Italdesign - Lamborghini's Iconic Design House
Posted on March 19, 2017
Italdesign is returning to its traditional business roots and the Zerouno, a £1.3m supercar revealed in Geneva last week, is proof.
On arrival, you could be forgiven for thinking nothing at Italdesign has changed.
True, there are more cars parked in the street, but that just means there are more employees, a given for a thriving company. But the two large studio buildings through which you usually enter Italdesign’s estate on the southern outskirts of Turin seem hardly to have altered, even though it’s nearly 50 years since the company’s famous founder, Giorgetto Giugiaro, decided to launch his own design business.
Don’t be fooled. Nearly everything at Italdesign is different. Apart, that is, from the sound of Italian voices and the signs that this is still a happy home for the Italian creative spirit. Inside, the name of the biggest, widest corridor in the place hasn’t changed, either. They’ve always called it Via Roma after the grandest street in Italy’s ancient capital.
There is no sign of a Lamborghini presence, even though Lamborghini owns Italdesign nowadays. Nor is there any trace of Lambo’s parent, Audi, beyond a few good-looking museum concepts – even though most of the Torinese firm’s 400 engineers and 140 designers recently spent a couple of years under the radar creating the new Audi Q2, including building no fewer than 70 running prototypes.
Back in 2010, Giugiaro was happily pictured doing a deal to sell 90% of his company – including his name and patents – to Audi, which put its new acquisition under Lamborghini’s control. Five years later, the Germans completed the purchase, Giugiaro departed and Italdesign’s talents were deployed on group projects intended to bring it closer to the mothership. It worked so well that industry pundits began referring to Italdesign as ‘Audi’s design and technology arm’, which for many implied too close a relationship.
So now Italdesign is changing again. The arrival in late 2015 of an ambitious new CEO, Jörg Astalosch, a finance man for much of his 20-year career at the Volkswagen Group, Audi’s parent, has aligned well with an urgent (post-crisis) need for Italdesign to earn its own corn. Astalosch has laid down three priorities for the company: to get back into providing engineering and design for outside clients; to establish an Italdesign academy to train promising young engineers and designers; and to establish an Italdesign brand for ultra-low-volume, top-price supercars. All of which is why I recently visited Italdesign, a decade after I was last there.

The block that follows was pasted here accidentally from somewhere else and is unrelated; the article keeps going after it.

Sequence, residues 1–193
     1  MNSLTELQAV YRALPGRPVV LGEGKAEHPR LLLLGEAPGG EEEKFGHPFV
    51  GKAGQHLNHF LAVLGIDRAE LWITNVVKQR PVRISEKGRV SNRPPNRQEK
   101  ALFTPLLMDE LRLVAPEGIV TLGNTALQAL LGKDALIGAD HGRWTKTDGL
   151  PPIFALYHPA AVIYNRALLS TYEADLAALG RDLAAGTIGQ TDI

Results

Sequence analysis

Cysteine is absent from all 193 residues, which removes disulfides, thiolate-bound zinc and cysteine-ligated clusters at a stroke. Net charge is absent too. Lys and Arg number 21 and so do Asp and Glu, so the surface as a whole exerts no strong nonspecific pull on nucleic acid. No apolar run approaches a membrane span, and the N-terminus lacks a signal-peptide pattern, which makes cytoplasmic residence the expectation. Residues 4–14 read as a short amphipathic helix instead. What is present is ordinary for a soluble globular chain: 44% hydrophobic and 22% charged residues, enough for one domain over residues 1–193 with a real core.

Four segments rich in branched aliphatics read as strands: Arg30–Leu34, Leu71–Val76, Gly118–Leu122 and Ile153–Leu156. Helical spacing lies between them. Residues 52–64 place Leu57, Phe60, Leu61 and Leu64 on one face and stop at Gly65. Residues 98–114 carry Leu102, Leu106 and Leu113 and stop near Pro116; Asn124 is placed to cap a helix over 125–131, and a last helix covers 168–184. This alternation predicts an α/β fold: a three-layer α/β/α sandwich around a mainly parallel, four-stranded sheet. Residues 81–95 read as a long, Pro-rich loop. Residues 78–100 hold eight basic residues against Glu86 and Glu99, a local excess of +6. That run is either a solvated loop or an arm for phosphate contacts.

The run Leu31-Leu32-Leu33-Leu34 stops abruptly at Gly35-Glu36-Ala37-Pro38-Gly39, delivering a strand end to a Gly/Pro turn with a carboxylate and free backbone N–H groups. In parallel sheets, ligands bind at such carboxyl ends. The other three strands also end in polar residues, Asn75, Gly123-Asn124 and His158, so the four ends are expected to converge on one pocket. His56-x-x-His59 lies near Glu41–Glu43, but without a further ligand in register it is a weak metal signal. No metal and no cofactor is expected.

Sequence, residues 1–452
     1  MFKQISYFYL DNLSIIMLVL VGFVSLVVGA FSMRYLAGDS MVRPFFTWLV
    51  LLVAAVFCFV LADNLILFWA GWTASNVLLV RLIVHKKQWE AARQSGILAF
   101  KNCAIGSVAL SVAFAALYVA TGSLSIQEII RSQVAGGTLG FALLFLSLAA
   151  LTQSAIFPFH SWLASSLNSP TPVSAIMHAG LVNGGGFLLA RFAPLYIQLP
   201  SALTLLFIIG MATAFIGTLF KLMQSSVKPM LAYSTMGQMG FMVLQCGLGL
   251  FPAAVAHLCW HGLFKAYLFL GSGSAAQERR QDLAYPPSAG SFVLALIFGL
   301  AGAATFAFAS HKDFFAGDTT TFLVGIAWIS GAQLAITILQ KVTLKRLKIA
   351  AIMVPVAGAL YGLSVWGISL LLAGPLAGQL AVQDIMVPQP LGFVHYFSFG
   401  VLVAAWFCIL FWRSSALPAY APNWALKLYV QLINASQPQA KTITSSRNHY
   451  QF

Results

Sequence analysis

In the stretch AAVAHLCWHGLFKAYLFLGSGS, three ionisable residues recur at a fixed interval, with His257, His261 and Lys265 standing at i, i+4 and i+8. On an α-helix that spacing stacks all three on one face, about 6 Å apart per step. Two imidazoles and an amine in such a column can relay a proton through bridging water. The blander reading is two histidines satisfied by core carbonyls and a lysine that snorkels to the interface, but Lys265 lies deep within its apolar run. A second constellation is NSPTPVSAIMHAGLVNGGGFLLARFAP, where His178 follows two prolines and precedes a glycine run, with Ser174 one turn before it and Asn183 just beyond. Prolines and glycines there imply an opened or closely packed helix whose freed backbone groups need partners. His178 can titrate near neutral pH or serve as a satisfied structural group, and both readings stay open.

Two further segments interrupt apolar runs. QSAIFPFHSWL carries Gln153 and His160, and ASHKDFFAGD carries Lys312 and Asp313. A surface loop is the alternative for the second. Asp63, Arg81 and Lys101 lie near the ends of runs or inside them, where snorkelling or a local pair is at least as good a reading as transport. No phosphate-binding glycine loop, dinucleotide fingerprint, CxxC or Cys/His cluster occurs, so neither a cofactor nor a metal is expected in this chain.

Right now, the most obvious push is on the recently revealed V10 supercar, the Zerouno, or ‘01’ in numerals. Just five examples will be made. As you read this, the first car is on display at the Geneva show, with chief designer Filippo Perini as its proud presenter and its anonymous Belgian owner doubtless prominent in the audience. He’ll have parted with well over the nominal starting price of £1.3 million for the privilege. Each Zerouno owner is being offered extensive upgrades and options that could push prices as high as £2m.
Behind the scenes, Italdesign is also working hard on its other missions. The academy is already flushing out as much young talent as it can handle, and the company has again become successful at finding outside clients, especially for engineering projects.
“People know us as a design company because of the reputation of Mr Giugiaro,” says Franco Bay, an Italdesign director helping lead its renaissance. “But pure design projects account for only about 15% of what we do. We do lots of behindthe-scenes engineering, can deliver turn-key cars and can even handle low-volume production. We’ve done 200-per-year runs in recent years and we have capacity for up to 500 cars.”
Perini is a fascinating character. A former client of Italdesign’s during his nine years at Lamborghini and 13 years at Alfa Romeo, he was the main man on the Alfa 8C Competizione but describes himself as “an odd kind of designer” because he trained as an engineer first.
When I arrive, there are two weeks to run until Geneva. All attention centres on the first Zerouno. Four cars are sold, but “maybe one” is still available to the squillionaire with slow reactions, says Bay.